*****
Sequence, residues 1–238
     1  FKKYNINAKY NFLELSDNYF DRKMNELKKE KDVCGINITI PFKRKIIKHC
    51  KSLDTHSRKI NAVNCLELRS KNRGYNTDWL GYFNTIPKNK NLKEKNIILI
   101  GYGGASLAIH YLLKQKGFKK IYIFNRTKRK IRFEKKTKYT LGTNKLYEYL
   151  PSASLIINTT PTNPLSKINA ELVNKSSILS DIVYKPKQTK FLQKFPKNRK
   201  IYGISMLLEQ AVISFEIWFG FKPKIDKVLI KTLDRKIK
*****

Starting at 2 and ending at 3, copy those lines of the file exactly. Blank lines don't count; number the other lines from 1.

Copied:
     1  FKKYNINAKY NFLELSDNYF DRKMNELKKE KDVCGINITI PFKRKIIKHC
    51  KSLDTHSRKI NAVNCLELRS KNRGYNTDWL GYFNTIPKNK NLKEKNIILI